Ontario cutting red tape to support growth in the wine industry
Changes will provide small wineries easier entry into the wine market and offer consumers more choice
Minister of Government and Consumer Services, Lisa Thompson, was joined by representatives from the Ontario wine industry to announce changes reducing regulatory burden to support growth in the industry.
Changes have been made to the rules under the Vintners Quality Alliance Act that reduces red tape and provides more flexibility to wineries across the province and expands wine choices for consumers. One of these changes includes adding the Marquette hybrid grape variety to the list of permitted grape varieties to be eligible for Vintners Quality Alliance Ontario approval.
"The addition of the Marquette hybrid grape variety will help small and new wineries experience easier entry into Ontario's VQA wine market," said Minister Thompson. "It particularly supports wineries located in emerging regions where cold winter temperatures are a challenge for traditional grape varieties, like Huron-Bruce."
Ontario wineries can also produce wines using grapes from different vintages, or harvest years, as it is now optional for them to label wines with the harvest year with the Ontario geographical indicator. This will increase the choice of table wines available to consumers.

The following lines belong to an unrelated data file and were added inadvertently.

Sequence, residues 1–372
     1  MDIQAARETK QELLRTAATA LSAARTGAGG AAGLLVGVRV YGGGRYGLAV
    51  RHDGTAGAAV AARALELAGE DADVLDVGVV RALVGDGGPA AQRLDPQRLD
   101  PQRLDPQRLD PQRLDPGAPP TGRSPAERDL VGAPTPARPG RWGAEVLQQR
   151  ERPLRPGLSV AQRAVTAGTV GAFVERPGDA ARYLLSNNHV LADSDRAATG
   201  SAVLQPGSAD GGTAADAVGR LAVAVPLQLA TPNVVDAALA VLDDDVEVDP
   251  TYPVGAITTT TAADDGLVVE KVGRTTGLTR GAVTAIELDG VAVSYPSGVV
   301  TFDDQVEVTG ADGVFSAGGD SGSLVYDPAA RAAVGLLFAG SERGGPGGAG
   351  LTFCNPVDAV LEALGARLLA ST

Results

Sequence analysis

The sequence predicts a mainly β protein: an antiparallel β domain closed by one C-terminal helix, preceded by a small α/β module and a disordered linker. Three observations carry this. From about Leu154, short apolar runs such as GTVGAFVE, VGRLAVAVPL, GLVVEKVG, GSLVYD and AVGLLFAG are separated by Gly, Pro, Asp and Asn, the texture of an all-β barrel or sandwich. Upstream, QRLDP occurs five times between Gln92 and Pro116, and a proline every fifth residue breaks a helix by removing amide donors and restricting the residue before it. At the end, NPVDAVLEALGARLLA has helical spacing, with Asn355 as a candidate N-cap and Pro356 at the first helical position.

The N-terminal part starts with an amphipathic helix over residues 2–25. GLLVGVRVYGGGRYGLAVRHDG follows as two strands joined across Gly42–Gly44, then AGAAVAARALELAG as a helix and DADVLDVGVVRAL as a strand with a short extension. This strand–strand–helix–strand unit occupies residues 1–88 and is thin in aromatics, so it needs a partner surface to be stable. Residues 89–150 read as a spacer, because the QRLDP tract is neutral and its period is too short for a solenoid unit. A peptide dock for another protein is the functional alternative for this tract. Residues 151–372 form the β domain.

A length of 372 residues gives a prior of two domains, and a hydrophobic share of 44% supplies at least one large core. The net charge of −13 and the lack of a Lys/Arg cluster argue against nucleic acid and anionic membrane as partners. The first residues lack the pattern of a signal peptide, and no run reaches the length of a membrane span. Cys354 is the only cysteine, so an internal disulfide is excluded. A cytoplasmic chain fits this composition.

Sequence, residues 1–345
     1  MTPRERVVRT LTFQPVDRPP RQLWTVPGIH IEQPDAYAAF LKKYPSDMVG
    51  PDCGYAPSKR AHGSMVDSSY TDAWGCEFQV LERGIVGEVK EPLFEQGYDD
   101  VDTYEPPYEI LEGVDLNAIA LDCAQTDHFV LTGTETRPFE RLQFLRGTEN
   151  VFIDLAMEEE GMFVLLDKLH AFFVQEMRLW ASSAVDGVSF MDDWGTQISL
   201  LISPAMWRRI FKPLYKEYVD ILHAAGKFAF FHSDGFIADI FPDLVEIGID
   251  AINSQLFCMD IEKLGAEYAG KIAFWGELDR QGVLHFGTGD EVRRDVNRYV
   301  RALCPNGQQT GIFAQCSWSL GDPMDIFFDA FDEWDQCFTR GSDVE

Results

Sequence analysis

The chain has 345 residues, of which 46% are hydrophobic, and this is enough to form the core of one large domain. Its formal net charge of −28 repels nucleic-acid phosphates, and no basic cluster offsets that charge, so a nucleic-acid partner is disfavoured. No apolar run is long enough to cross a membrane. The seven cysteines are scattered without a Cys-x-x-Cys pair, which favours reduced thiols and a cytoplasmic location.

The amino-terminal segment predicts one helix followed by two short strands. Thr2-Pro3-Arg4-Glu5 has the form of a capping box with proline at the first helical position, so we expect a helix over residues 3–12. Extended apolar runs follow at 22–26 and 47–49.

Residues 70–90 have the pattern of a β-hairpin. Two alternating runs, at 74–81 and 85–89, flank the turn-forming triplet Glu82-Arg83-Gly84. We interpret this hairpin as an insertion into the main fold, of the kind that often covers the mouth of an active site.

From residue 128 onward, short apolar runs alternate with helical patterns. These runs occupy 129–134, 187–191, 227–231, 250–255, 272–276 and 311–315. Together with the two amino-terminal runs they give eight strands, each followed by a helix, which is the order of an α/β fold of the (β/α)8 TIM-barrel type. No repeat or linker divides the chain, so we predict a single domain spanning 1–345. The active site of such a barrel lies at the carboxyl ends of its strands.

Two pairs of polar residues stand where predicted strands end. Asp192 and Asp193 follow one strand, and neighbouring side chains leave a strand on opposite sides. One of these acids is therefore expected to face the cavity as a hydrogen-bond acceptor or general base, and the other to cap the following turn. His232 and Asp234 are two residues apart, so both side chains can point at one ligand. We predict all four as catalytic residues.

"Our government is making Ontario Open for Business by removing obstacles in investment, growth and job creation sectors right across the economy - including the wine and grape industry," said Minister Thompson. "We're working hard every day to modernize government and make it simpler, faster and better to do business in Ontario. We're working to put Ontario back on track as the economic engine of Canada."
Vintners Quality Alliance (VQA) Ontario is an independent, industry-led and not-for-profit corporation responsible for setting and enforcing standards for the manufacture and labelling of VQA wine.
VQA wine is made from 100 per cent Ontario grapes and meets quality and labelling standards set out in the Vintners Quality Alliance Act, 1999. Wineries must be a member of VQA Ontario to use the terms, descriptions and designations of VQA, receive authorization and meet the standards for certification and labelling.
There are 175 wineries that are members of VQA Ontario out of 271 licenced wineries in the province. The government has provided wineries, cideries, breweries and distillers with more regulatory flexibility to promote their products at their manufacturing sites by removing the prescribed serving sizes for “by the glass” licences.
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